Magic The Gathering DCI Lvl 1 Judge Don't hesitate to post rules question in the Rules Q&A forum for me and other competent advisors to answer : http://community.wizards.com/go/forum/view/75842/134778/Rules_Q38A
...until now I thought Negative Life totals were always defaulted back to 0 (zero)...



Sometimes it is, sometimes it isn't.

«107.1b Most of the time, the Magic game uses only positive numbers and zero. You can’t choose a negative number, deal negative damage, gain negative life, and so on. However, it’s possible for a game value, such as a creature’s power, to be less than zero. If a calculation or comparison needs to use a negative value, it does so. If a calculation that would determine the result of an effect yields a negative number, zero is used instead, unless that effect sets a player’s life total to a specific value, doubles a player’s life total, sets a creature’s power or toughness to a specific value, or otherwise modifies a creature’s power or toughness. Example 1: If a 3/4 creature gets -5/-0, it’s a -2/4 creature. It assigns 0 damage in combat. Its total power and toughness is 2. You’d have to give it +3/+0 to raise its power to 1. Example 2: Viridian Joiner is a 1/2 creature that says “{T}: Add an amount of {G} to your mana pool equal to Viridian Joiner’s power.” An effect gives it -2/-0, then its ability is activated. The ability adds no mana to your mana pool.»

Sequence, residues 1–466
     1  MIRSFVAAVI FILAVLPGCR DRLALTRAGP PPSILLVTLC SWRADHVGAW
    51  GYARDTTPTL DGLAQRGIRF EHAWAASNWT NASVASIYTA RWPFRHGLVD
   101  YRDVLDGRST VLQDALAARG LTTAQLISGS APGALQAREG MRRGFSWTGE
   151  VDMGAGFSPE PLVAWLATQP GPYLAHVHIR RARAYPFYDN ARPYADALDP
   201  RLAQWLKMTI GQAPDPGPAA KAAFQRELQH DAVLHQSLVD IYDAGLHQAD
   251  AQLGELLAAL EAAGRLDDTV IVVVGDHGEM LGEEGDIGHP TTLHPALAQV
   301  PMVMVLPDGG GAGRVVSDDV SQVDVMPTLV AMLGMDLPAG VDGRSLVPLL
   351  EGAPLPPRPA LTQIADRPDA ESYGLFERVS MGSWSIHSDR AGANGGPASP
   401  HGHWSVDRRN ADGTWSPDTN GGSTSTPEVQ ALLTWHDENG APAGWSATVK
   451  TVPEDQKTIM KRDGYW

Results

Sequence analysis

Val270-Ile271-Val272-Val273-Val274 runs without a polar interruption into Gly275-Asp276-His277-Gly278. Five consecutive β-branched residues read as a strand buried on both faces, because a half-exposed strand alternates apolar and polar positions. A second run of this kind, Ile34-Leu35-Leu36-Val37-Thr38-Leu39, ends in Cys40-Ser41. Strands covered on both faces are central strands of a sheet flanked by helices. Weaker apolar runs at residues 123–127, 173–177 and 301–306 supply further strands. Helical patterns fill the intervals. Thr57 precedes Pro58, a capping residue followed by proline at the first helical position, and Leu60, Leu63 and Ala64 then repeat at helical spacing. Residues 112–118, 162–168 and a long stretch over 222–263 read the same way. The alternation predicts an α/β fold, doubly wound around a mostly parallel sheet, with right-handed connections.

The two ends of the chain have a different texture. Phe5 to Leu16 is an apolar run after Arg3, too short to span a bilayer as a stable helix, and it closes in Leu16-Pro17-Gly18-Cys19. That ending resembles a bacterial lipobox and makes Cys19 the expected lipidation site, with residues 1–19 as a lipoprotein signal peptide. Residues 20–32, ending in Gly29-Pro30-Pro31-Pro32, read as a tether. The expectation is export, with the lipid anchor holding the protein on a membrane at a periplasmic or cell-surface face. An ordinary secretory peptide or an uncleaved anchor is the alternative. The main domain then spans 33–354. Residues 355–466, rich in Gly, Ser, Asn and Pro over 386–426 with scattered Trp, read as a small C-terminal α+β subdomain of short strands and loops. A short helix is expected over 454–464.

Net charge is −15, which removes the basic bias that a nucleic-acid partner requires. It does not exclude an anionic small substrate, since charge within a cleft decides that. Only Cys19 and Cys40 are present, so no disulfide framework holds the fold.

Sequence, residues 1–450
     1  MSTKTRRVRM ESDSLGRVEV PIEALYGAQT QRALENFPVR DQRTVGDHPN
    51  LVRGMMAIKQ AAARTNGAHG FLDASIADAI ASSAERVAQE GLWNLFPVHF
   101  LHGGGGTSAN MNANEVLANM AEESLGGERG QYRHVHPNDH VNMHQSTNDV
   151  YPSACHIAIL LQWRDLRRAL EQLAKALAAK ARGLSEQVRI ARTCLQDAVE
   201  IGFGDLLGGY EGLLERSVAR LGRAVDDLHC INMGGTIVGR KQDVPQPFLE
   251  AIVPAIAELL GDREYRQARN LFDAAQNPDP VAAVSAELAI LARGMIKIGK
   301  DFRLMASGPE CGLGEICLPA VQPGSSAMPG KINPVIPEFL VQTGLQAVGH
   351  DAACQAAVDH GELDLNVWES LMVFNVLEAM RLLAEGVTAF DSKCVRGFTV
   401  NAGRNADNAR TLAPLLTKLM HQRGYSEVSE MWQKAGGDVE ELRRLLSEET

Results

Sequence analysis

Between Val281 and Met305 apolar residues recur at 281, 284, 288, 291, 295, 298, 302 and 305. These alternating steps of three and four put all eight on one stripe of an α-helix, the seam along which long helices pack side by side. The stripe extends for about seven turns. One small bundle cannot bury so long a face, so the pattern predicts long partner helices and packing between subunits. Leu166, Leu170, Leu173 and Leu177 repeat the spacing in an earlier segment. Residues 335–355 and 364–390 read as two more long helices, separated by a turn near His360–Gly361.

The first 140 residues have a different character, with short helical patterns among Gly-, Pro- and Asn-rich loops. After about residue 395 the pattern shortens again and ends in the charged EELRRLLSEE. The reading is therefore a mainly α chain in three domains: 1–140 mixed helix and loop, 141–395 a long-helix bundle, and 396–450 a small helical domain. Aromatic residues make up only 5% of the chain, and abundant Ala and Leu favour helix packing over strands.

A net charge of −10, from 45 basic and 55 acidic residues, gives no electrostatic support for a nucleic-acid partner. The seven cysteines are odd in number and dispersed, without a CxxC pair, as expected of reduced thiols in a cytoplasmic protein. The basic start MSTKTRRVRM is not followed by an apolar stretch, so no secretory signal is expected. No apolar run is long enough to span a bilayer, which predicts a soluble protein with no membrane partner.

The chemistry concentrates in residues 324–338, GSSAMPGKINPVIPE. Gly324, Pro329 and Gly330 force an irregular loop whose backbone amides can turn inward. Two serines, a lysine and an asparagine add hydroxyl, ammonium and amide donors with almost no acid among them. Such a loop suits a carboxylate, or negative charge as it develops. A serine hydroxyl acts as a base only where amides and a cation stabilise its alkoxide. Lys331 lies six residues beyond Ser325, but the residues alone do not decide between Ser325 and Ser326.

If I steal a hundred dollar from a loot of one thousand, people might notice;

If I steal a hundred dollar from a loot of one million, I might get away with it;

If I wish to steal even more and still go unnoticed, I need to make the loot bigger.

 

Now you know why taxes always go up.

 

Looting: ''the plundering of public assets by corrupt or greedy authorities'' (Wikipedia)

@Chaikov: Why do you link Roiling Horror as part of saying 'sometimes it does default to zero'? That card is not one of the ones in which it 'defaults to zero.' The creature can have a negative power and toughness, and Roiling Horror fits the example of 'modifies a creature's power or toughness.' Also, the function used to calculate its p/t can use the negative life totals that are around, if one of the two lifetotals it checks (yours and that of the opp. with the highest life) is negative.

tl;dr: Roiling Horror has no ability that requires a negative value to default to 0; it will use negative numbers both in calculation and in result.
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From Planar Chaos' FAQ:

Roiling Horror

If a player's life total is less than 0, it's treated as 0 by this ability.


 


Edit: obsolete ruling

If I steal a hundred dollar from a loot of one thousand, people might notice;

If I steal a hundred dollar from a loot of one million, I might get away with it;

If I wish to steal even more and still go unnoticed, I need to make the loot bigger.

 

Now you know why taxes always go up.

 

Looting: ''the plundering of public assets by corrupt or greedy authorities'' (Wikipedia)